indoor dining

Dining room table setting photo
Public Domain Pictures

Michigan restaurants on Wednesday proposed tying indoor capacity limits to the percentage of COVID-19 tests that come back positive, contending that clear guideposts would help the hospitality industry navigate the pandemic.

Bars and restaurants, which reopened for indoor dining and drinking on Feb 1. after a 2 1/2-month ban, have a 10 p.m. curfew and are limited to 25% occupancy, up to a maximum of 100 patrons, under a state health order supported by Gov. Gretchen Whitmer. She has opposed linking coronavirus metrics to the automatic loosening or tightening of restrictions.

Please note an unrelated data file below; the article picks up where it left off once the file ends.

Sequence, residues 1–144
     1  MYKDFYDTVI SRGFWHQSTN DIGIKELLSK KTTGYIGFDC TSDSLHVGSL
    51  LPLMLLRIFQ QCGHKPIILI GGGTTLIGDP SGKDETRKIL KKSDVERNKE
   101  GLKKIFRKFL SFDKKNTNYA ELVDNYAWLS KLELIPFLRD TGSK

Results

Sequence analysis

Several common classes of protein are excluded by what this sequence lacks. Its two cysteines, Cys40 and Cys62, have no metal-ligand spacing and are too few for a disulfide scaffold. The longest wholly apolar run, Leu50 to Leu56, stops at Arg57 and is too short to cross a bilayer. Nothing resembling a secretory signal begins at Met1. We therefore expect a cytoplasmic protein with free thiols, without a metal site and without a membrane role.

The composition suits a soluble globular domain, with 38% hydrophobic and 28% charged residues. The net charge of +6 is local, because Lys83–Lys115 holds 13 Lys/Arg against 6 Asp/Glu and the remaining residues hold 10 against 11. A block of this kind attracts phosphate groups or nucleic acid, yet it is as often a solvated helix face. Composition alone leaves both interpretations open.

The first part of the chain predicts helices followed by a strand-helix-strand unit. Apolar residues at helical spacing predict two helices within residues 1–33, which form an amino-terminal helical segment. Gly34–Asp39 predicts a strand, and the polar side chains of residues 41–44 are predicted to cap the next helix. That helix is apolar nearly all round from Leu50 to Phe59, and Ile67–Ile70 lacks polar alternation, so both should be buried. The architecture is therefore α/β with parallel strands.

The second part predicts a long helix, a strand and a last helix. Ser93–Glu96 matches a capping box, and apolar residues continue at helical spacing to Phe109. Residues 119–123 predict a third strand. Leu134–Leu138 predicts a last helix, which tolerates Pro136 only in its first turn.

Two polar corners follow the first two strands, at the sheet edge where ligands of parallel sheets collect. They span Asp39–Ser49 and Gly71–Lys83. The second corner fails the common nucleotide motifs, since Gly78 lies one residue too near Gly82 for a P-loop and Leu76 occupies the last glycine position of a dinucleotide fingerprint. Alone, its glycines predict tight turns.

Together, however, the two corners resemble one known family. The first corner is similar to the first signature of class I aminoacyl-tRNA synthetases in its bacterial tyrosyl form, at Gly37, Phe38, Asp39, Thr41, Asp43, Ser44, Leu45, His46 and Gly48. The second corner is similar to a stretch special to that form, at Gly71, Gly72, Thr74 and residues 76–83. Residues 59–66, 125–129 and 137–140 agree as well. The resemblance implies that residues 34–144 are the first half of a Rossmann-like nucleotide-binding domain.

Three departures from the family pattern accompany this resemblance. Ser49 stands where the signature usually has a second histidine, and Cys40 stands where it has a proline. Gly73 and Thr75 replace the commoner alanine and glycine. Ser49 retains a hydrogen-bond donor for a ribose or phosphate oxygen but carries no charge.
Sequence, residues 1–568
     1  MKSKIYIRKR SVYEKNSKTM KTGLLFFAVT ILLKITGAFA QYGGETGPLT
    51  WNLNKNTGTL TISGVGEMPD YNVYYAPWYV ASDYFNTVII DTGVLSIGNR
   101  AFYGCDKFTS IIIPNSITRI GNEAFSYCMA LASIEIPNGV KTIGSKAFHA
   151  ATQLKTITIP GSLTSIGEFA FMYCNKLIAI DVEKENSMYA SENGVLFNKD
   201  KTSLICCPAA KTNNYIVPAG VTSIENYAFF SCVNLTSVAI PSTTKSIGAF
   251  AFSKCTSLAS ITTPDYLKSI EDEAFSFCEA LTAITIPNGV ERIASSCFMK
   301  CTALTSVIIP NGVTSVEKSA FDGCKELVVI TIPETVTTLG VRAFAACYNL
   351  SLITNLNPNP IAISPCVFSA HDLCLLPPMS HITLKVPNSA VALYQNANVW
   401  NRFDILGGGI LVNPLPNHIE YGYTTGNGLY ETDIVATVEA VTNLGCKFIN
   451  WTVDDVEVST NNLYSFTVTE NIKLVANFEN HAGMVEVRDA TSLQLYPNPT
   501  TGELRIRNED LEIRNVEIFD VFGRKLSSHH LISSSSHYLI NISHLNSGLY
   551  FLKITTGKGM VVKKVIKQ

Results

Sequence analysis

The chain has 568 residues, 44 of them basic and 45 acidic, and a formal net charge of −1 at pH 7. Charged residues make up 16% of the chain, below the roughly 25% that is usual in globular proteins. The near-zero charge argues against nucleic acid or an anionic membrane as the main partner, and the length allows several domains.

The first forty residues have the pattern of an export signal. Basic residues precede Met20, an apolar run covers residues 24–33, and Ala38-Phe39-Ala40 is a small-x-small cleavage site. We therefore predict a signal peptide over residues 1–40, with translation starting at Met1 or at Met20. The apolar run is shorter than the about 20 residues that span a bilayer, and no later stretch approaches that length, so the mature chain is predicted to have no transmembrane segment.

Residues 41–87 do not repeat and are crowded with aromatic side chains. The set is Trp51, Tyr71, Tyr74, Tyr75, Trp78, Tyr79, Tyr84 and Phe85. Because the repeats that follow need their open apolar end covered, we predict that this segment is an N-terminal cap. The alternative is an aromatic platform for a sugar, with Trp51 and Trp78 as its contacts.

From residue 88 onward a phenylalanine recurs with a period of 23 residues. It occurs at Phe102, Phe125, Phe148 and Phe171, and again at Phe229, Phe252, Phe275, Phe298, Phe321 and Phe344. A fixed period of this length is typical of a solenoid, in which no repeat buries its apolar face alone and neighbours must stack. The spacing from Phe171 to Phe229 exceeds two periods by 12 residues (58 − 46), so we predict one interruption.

Gov. Gretchen Whitmer, Nov. 5, 2020 photo
Associated Press

Gov. Gretchen Whitmer will announce Wednesday that Michigan restaurants can reopen for indoor dining on Feb. 1, two-and-a-half months after an order to close amid a surge in coronavirus cases and hospitalizations.

The governor’s office confirmed the pending announcement following a statement issued on social media by the Michigan Licensed Beverage Association. The current order prohibiting indoor dine-in service is due to expire Friday but will be extended.

Michigan Department of Health and Human Services logo
michiganhhs / michiganhhs

A federal judge has refused to block the Michigan Department of Health and Human Services’ ban on indoor dining.

When the MDHHS issued restrictions on indoor dining two weeks ago designed to slow the surge of COVID-19 cases, the Michigan Restaurant & Lodging Association sued the state. It brought four federal claims and a pair of state claims.

“Alleging that the Constitutional rights of restaurant operators have been violated.”

Michael Huff is a corporate attorney with Mika Meyers.